Thinking of taking a leisurely hiking holiday in Europe? You’re not alone. Europe is famous worldwide for its inspiring scenery and beautiful locations and extreme holiday destinations to visit. Hostelling, especially, is one of the more common pastimes that travellers both young and old embark on. However, if you’re willing to see a bit of nature in addition to the varied cityscapes across this continent, Europe also offers dozes of the best hiking trails imaginable.
Why not take a trip through a few of them and see them for yourself? Whatever your preferences might be, you’ll find something to suit you. Here are some highly recommend areas of interest for travellers looking to explore Europe on foot and off the beaten track.
Gran Paradiso National Park, Italy
In 1922, Gran Paradiso was named Italy’s first national park. Originally, it was a royal hunting reserve but now it has become a large, sweeping area of deep valleys, rich forests, 13,000 foot mountains, flower meadows and more since it sits near the French border. It has become a major hotspot for many traveling hikers passing through the country. Each summer, an American guide living in northern Italy (Armin Fisher), leads expeditions through this 173,000 acre part. The group spends a week crossing high passes and going through alpine meadows, seeing all the unique flora and fauna of the parks. They begin at the park’s westernmost valley at the week’s start. Map
Corsica, France is known as a mountain within the sea. This Mediterranean island presents a solid challenge to the more adventurous hikers out there – its main trail is a beautiful 130 mile trek that is claimed by many to be Europe’s best backpacking trail. It’s true – there are self-guided trips lasting eight days that will give hikers a taste of that trail (known as the GR20) along with other hiking trails. Hikers begin at Calacuccia (a lakeside town) and then walk through the deep, lush woods and through golden countryside (with remote mountain villages, high country, etc.). Hikers can travel light and at their own pace, as a local tour company representative can transfer bags between inns.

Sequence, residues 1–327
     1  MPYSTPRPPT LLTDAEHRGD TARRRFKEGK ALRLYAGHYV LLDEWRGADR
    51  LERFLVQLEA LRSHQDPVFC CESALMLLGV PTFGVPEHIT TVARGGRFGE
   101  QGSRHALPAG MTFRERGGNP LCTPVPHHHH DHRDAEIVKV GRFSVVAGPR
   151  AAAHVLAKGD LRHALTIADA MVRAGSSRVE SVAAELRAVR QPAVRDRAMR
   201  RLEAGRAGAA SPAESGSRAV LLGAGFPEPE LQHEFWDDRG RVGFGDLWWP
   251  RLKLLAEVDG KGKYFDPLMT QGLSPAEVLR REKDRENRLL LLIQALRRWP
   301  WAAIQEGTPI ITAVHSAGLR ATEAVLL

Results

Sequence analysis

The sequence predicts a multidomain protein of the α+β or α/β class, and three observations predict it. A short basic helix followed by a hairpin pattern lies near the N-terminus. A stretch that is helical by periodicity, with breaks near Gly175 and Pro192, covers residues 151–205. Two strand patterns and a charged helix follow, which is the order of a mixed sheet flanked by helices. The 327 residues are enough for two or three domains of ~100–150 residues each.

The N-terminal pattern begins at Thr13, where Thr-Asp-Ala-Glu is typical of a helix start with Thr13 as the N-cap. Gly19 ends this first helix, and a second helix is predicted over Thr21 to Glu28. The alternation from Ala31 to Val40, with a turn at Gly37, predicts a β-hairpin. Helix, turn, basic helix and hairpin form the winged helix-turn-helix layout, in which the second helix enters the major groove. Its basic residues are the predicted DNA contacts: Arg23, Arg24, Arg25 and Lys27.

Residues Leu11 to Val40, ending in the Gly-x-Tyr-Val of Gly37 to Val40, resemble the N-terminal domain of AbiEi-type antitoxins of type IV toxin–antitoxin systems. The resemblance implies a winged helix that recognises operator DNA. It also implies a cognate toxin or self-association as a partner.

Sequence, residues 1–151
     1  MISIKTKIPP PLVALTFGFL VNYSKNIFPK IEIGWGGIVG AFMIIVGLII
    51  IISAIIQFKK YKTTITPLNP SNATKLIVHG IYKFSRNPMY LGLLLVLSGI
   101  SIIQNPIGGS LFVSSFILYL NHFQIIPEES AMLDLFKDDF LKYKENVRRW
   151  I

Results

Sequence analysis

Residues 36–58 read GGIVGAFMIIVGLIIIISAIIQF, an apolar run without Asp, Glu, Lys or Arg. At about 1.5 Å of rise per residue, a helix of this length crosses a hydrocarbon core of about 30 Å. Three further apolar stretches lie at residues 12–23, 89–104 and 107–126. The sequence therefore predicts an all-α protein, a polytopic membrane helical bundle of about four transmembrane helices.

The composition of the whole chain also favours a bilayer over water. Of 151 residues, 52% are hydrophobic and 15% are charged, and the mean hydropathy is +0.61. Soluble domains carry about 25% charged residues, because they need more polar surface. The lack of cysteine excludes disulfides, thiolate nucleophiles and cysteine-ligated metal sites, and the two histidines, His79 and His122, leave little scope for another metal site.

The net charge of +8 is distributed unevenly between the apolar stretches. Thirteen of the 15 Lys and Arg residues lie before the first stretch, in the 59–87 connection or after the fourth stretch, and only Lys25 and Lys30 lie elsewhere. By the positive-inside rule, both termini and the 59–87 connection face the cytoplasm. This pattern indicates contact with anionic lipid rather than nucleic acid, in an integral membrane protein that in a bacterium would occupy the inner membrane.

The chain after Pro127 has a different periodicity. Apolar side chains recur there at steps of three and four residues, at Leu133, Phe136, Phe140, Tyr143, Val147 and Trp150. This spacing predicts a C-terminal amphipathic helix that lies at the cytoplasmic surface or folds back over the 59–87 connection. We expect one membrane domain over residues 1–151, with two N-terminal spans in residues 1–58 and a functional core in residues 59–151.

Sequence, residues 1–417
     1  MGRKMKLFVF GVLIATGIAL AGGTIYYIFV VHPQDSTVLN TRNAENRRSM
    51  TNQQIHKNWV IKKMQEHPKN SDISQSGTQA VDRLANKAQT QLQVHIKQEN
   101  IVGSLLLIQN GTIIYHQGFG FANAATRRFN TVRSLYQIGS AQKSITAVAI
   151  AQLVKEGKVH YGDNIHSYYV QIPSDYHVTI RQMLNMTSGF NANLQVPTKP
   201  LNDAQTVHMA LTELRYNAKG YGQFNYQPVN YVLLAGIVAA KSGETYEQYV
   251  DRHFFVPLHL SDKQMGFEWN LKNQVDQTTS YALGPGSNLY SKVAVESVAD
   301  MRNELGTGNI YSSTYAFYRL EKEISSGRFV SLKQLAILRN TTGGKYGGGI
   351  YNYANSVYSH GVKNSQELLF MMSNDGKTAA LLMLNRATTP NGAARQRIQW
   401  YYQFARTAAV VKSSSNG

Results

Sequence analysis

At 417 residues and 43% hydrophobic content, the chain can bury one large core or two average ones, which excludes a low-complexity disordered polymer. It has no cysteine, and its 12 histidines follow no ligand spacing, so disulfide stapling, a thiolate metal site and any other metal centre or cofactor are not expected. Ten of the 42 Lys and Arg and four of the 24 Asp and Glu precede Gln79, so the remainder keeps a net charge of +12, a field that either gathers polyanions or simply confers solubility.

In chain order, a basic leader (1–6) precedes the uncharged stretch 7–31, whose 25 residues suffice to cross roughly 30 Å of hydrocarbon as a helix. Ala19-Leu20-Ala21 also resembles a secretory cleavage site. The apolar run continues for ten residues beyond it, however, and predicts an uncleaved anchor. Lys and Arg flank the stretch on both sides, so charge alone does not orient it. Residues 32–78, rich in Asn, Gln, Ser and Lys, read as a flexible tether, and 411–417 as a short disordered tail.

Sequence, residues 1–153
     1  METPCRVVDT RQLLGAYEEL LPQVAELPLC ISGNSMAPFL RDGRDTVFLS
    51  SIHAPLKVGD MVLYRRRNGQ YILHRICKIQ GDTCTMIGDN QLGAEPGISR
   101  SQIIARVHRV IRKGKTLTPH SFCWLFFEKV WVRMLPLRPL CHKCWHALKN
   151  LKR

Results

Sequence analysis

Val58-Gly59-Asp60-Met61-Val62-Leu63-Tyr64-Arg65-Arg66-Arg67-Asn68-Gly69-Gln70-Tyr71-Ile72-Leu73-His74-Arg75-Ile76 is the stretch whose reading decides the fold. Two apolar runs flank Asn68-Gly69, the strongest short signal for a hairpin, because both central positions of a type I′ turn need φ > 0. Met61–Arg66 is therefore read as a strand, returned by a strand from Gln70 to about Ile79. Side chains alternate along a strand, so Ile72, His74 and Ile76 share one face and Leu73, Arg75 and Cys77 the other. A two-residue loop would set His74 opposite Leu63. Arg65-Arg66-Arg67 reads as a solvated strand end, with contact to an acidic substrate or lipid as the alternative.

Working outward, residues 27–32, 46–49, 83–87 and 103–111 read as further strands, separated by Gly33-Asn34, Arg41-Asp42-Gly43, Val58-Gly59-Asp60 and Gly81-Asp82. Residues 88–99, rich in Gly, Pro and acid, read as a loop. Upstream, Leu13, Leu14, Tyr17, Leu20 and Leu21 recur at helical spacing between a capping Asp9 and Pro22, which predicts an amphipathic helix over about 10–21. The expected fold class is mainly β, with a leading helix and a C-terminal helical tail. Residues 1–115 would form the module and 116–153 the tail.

Bernese Oberland, Switzerland
Dozens of huts surround the Bernese Oberland area of Switzerland’s Alps Mountains. A small hiking company known as Swiss Guides takes hiking clients every summer on glacier-walking tours lasting five days through the centre of this jagged, beautiful terrain. Clients step onto the glaciers at 11,333 feet and spend most of the next five days trekking around the crevasses of massive, flat glaciers such as the fourteen-mile Great Aletsch Glacier (the longest in the Alps). Hot meals are ready each of the three nights at different huts. Hikers will wear ropes, crampons, and harnesses for safety while on their journey.
Hadrian’s Wall Path, Britain
In 2003, Hadrian’s Wall (which stretches from Wallsend to Bowness-on-Solway) was given the designation as an 84-mile trail and national treasure. Hikers walk for six days to keep the strong winds and rain at their backs. Lomond Walking Holidays start these expeditions through the salt marshes and boors of Solway Firth before moving through the Cumbria villages and pastures. Each afternoon, a shuttle carries the group to a small inn or guesthouse to spend the night at before returning them in the morning. The trail stretches through rolling uplands, moors, and eventually lowlands once more.
Julian Alps, Slovenia
If you love the outdoors, you need to discover the beauty that lies in the Julian Alps, which border both Slovenia and Northern Italy. The Alps are high and beautiful, and are an excellent option for hikers. The trip extends from the lake town of Bled into Triglav National Park, and hikers will spend the first few days graveling through a 6,000 foot ridgeline before dropping into flowery green valleys. It’s a beautiful, seven-day hiking expedition that climaxes at Mount Triglav, the highest peak in Slovenia at 9,390 feet. More detail
Do I Need to be an Pro Climber?
No experience of climbing, rambling or serious enthusiast type mentality is required for any of these areas. Being fit helps as with all activities requiring prolonged movement but, with these areas, you can go as far as you can cope and still see, experience and enjoy a good portion of the great outdoors.
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